B. Likelihood of Success on the Merits
Baker contends that it has a likelihood of success on the merits. For the purposes of a preliminary injunction motion, as indicated above, the movant need only make a showing of some likelihood of success on the merits. Girl Scouts, 549 F.3d at 1086. The movant bears the initial burden of making a clear showing that it is entitled to prevail on the merits, which can be established by showing that the movant has "a better than negligible chance of succeeding on the merits. . . ." Chicago Dist. Council of Carpenters Pension Fund v. K & I Construction, Inc., 270 F.3d 1060, 1064 (7th Cir. 2001).
Baker argues that it is not required to submit to arbitration under the FINRA Code of Arbitration Procedure for Customer Disputes (FINRA Code) because it did not have a customer relationship with North. FINRA Code Rule 12200 provides in part that arbitration is required when it is "requested by the customer." Rule 12200. The only elaboration as to the term "customer" in the FINRA Code is FINRA Code Rule 12100(i), which states that "[a] customer shall not include a broker or dealer." FINRA Code Rule 12100(i); see also Interactive Brokers, LLC v. Duran, 2009 WL 393827, at *1 (N.D. Ill. 2009)(explaining that "FINRA is the primary regulator of broker dealers in the United States").
Baker cites Berthel Fisher & Co. Financial Services, Inc. v. Larmon, 2011 WL 3294682 (D. Minn. 2011), in which the court held that investors "can arbitrate their claims against [entities], with whom they dealt directly; but they cannot fold into the arbitrations claims against other entities with whom they have no direct relationship." Id. at *5; see also Legent Clearing, LLC v. Balistreri, 2009 WL 2567947, at *3 (N.D. Ill. 2009)(stating that in assessing whether the plaintiff was a customer it considered whether the plaintiff made "independent investment decisions"); Interactive, 2009 WL 393827, at *1 (stating that the defendants did "not qualify as 'customers' under Rule 12200 by virtue of being 'customers of a customer'").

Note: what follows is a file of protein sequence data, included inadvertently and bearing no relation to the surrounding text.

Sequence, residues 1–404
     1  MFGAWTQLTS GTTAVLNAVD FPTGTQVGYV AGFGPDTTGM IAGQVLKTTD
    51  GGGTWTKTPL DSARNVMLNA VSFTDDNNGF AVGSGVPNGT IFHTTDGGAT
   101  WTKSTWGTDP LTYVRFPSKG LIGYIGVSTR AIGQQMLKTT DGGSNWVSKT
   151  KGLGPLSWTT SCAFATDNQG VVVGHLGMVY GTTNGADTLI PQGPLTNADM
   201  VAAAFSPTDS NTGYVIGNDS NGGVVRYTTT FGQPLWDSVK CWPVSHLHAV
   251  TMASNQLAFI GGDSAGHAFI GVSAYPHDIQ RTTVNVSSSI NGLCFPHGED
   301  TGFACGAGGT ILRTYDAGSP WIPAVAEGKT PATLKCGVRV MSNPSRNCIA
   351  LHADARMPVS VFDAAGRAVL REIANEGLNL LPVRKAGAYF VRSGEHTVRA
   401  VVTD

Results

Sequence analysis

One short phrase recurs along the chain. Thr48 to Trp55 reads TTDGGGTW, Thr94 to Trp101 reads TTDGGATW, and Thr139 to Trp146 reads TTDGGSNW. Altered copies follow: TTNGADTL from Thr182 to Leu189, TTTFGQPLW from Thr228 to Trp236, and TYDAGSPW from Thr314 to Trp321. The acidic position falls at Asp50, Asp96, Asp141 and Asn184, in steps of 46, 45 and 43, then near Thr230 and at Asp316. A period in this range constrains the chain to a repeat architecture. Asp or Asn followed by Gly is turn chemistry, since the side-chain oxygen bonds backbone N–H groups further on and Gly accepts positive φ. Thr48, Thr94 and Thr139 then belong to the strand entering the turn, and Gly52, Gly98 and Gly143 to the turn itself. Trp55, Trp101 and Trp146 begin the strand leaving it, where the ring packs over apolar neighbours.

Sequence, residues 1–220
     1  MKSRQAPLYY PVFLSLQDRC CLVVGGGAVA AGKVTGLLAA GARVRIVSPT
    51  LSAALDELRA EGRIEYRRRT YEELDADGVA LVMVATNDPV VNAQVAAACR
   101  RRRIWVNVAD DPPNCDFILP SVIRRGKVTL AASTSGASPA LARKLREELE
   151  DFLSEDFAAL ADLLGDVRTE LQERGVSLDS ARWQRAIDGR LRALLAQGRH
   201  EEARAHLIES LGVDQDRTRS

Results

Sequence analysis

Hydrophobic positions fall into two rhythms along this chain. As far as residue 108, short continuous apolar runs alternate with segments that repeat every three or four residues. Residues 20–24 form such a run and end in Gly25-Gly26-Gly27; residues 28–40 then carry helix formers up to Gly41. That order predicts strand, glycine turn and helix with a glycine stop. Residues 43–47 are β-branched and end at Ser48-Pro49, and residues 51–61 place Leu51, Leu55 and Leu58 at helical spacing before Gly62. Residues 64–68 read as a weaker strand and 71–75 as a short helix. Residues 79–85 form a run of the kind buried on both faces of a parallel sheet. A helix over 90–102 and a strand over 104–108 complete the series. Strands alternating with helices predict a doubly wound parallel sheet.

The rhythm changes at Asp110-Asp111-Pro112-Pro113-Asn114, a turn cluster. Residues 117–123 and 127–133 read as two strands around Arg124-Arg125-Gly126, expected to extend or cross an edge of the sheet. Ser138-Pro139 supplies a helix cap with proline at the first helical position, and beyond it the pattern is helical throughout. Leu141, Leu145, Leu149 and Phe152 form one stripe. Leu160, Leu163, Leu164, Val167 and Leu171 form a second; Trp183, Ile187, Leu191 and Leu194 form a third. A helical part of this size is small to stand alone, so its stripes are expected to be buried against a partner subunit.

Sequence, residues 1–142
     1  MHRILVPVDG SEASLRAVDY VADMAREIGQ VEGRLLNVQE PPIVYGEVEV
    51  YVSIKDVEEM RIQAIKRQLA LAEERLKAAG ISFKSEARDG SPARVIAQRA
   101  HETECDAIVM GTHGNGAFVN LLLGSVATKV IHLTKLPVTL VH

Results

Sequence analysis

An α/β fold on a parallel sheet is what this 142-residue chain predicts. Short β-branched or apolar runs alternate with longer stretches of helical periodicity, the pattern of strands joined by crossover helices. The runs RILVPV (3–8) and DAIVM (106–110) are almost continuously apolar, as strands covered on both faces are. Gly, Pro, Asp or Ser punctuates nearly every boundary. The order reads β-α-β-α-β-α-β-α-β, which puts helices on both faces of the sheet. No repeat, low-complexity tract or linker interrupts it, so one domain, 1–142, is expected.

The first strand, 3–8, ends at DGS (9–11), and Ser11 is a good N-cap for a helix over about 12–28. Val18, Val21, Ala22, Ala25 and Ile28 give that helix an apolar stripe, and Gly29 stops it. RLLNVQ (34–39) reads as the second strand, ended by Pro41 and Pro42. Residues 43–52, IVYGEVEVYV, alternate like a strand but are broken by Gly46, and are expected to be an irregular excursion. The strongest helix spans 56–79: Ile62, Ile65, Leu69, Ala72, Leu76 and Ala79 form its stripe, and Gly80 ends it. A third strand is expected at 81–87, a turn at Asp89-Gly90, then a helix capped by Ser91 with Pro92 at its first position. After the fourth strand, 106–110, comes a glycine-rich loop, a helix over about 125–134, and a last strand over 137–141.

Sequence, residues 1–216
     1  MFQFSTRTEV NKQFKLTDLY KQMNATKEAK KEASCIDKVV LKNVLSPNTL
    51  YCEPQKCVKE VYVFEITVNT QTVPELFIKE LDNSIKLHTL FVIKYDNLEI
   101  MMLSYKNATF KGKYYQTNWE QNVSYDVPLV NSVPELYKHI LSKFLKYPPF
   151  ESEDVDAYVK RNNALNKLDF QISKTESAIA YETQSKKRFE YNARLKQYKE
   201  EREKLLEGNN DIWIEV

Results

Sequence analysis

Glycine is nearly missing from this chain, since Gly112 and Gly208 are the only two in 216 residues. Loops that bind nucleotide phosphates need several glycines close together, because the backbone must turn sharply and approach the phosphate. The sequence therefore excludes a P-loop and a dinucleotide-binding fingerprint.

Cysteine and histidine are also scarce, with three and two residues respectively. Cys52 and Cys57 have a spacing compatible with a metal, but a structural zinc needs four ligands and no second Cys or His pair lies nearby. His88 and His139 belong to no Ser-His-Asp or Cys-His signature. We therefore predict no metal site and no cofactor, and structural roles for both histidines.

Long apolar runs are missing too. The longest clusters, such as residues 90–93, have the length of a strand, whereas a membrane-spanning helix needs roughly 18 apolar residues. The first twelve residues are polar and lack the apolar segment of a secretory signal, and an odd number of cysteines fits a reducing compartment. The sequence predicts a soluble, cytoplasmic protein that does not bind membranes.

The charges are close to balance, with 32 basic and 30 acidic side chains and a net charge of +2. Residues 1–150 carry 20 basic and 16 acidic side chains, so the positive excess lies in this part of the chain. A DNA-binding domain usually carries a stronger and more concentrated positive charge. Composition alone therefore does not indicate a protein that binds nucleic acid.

North cites UBS Financial Services, Inc. v. West Virginia University Hospitals, Inc., 660 F.3d 643 (2nd Cir. 2011), in which the court held that "a definition of customer . . . at least includes an entity that undertakes to purchase a good or service," such as "contracting . . . to obtain auction services for a fee." Id. at 650. In this case, Baker contends that it had only limited contacts with North and that its contacts did not occur before or when North invested in KeyLime. Based upon the limited record, Baker has shown a better than negligible likelihood of success on the merits.
The court notes that it is ruling based solely upon the limited record before the court at this juncture. Whether an entity was a customer under the FINRA Code involves a fact intensive inquiry and must be based on the particular circumstances in a case. See, e.g., Citigroup Global Markets, Inc. v. VCG Special Opportunities Master Fund Ltd., 598 F.3d 30, 39 (2nd Cir. 2010); Wachovia Bank, Nat. Ass'n v. VCG Special Opportunities Master Fund, Ltd., 661 F.3d 164, 173 (2nd Cir. 2011).